By Ann H. Carlson

With its March 13 ruling, CMS took a long-awaited step toward coverage for CPAP based on in-home testing. However, many key details have yet to be defined in Local Coverage Determinations (LCDs). Without a clear understanding of how portable testing will be integrated in the marketplace, many sleep labs may be tempted to maintain business as usual until more details fall into place. But doing nothing can be dangerous. During this wait-and-see period, sleep labs have the opportunity to beef up their businesses to prepare for a potential increase in competition.

“You can’t be passive about this,” says Kathryn Hansen, senior consultant for Sleep Center Management Institute (SCMI), Atlanta. “This is no longer a climate in which you sit back and say, ‘Come one, come all.’ You have to go out and get the business.”

Taking action now means solidifying your referral base, protecting your geographic area, and expanding your services. By implementing the following tips, you’ll be better prepared for changes that in-home testing could bring to your market.


Even if you’re not sure whether you want to incorporate home testing into your business, it’s a good idea to secure accreditation.

“It brings a lot to the table,” says Dan Helmchen, CEO of Sleep Logistics & Kraydan Diagnostics, Las Vegas. “It says a lot for the center to be accredited.”

The best time to get the ball rolling is now—you don’t want to be waiting for accreditation approval while your in-home testing business goes elsewhere.


Shoring up relationships with your current referral sources is key in this changing field. With the market opening up to in-home testing, companies based 200 miles away may be able to encroach on your territory. “With in-lab testing, there are fixed costs for the facilities, equipment, and staff that tended to limit competition geographically, and made it easier for the sleep lab to know when competition moved into their area,” says Dan Levendowski, president of Advanced Brain Monitoring Inc, Carlsbad, Calif. “Portable testing reduces the barriers to entry, and when barriers to entry drop, competition increases.”

To hold onto your current business, be an advocate for your referral sources and partner with them to provide high-quality patient care. Schedule face-to-face meetings to discuss the services you provide, the changes coming down the pike, and how you plan to approach in-home testing. “The more you can help them understand it, the more referrals you’re going to get out of it,” says Duane M. Johnson, PhD, senior partner at SCMI.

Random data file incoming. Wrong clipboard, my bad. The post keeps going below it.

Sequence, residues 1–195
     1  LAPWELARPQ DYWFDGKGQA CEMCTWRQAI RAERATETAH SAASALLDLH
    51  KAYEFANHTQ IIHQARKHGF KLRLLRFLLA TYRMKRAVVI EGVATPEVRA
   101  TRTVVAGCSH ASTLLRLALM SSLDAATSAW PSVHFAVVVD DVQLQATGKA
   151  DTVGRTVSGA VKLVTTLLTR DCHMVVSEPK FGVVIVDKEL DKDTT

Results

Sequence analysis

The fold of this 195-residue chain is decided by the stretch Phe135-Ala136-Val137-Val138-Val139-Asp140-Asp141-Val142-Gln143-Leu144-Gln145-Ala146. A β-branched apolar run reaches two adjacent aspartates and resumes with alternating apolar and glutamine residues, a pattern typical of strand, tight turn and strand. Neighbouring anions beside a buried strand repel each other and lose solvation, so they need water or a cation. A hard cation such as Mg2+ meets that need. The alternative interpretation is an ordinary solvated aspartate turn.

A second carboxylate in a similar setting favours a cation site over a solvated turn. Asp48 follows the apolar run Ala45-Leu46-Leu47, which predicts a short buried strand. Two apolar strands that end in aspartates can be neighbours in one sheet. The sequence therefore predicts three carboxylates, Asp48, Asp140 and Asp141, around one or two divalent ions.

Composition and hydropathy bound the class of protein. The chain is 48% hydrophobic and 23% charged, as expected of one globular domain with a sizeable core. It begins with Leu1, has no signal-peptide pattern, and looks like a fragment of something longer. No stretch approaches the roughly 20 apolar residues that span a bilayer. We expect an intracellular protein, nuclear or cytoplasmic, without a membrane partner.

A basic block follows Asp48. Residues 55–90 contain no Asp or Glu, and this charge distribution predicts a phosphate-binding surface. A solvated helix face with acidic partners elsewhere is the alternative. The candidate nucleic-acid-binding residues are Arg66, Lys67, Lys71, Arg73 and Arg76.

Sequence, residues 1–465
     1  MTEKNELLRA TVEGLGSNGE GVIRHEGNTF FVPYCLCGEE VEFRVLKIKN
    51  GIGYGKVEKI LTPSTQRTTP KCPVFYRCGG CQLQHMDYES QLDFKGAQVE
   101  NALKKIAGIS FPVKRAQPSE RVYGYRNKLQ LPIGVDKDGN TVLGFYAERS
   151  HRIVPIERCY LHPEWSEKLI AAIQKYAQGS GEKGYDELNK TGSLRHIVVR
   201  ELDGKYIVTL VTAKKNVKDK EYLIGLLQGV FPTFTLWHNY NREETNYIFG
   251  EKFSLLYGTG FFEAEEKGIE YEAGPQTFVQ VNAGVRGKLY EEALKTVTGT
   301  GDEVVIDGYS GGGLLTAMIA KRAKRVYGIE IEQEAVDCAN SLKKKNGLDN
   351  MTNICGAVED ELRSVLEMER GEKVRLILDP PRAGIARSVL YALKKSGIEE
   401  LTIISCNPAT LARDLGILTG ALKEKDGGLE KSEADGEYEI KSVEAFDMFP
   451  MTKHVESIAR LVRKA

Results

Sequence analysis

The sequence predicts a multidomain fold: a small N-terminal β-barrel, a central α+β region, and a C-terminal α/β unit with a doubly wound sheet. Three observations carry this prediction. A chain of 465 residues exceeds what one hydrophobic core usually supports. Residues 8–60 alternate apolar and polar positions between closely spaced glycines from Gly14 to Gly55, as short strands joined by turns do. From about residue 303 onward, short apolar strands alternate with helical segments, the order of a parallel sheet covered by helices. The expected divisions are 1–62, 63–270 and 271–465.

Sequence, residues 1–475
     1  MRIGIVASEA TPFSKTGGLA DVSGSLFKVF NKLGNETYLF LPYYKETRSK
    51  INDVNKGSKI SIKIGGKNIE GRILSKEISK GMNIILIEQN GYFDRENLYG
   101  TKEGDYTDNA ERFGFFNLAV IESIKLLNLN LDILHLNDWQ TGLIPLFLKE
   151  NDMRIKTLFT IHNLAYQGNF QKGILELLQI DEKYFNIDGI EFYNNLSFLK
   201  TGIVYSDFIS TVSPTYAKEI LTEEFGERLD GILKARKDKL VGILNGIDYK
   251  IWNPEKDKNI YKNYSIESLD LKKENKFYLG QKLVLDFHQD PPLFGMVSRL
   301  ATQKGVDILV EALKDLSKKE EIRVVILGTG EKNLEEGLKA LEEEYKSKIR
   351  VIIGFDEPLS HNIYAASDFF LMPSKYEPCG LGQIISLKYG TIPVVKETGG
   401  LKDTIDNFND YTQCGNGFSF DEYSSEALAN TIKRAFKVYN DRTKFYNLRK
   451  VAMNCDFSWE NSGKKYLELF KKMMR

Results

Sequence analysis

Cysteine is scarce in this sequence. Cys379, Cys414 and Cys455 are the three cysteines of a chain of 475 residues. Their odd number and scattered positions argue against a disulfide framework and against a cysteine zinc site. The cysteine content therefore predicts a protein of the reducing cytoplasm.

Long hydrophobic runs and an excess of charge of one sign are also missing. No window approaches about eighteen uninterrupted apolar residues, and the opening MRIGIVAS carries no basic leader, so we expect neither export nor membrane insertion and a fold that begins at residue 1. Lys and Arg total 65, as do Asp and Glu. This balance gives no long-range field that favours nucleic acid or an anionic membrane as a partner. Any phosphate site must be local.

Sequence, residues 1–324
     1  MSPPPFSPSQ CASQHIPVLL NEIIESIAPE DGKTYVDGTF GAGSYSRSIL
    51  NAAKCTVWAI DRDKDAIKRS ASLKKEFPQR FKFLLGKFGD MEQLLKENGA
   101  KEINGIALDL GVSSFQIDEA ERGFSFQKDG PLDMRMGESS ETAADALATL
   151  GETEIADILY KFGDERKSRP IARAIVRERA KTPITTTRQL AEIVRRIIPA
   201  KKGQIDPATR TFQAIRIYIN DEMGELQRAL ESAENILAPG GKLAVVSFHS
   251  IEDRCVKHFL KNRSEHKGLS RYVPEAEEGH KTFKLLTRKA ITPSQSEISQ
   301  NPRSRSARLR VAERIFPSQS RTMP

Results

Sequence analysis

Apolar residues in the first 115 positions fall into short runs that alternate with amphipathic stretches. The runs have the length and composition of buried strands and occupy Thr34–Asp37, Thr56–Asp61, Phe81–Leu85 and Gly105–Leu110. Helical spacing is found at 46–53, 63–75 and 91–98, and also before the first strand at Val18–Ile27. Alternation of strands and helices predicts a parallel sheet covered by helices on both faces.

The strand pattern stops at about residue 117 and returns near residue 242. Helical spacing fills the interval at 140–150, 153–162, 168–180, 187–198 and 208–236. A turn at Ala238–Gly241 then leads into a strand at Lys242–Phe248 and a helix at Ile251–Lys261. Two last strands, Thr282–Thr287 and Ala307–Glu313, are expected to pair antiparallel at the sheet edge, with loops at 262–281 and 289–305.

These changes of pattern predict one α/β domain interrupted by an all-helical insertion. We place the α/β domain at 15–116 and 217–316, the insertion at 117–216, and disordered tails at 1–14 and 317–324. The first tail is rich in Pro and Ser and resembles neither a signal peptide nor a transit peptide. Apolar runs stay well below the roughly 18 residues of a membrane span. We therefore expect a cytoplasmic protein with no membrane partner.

At the same time, expand your referral base by seeking out disciplines beyond family practice and cardiology. Dental practices are great candidates, for example, as they stand to benefit from increased oral-appliance therapy business.


Encourage your referring physicians to screen all new patients for sleep disorders, and make this as easy for them as possible. Del Henninger, MD, FCCP, of Complete Sleep Solutions, Marieta, Calif, supplies referral sources with the computerized ARES Quest system from Advanced Brain Monitoring Inc. New patients fill out a brief sleep questionnaire that is scored electronically for not only the probability of sleep apnea, but also the level of severity. The staff prints out the results and adds it to the chart, and the primary care physician can discuss it with the patient during the appointment. The physician then refers sleep study candidates to Henninger’s office.

The system is also designed to help continuity of care by providing the sleep study results to both the referring physicians and the patients. “It makes it much easier for us to follow them through the whole process and make sure they get the appropriate treatment they need,” Henninger says.


Health management organizations (HMOs) are always on the lookout for low-cost solutions, and medical directors may find in-home testing attractive. Striking a preferred-provider or exclusive arrangement for in-home testing with HMOs can help expand your reach. “You’re going to have less money per tick, obviously, in doing home studies, but you can make it up in volume,” Helmchen says. “You can serve the population effectively that way.”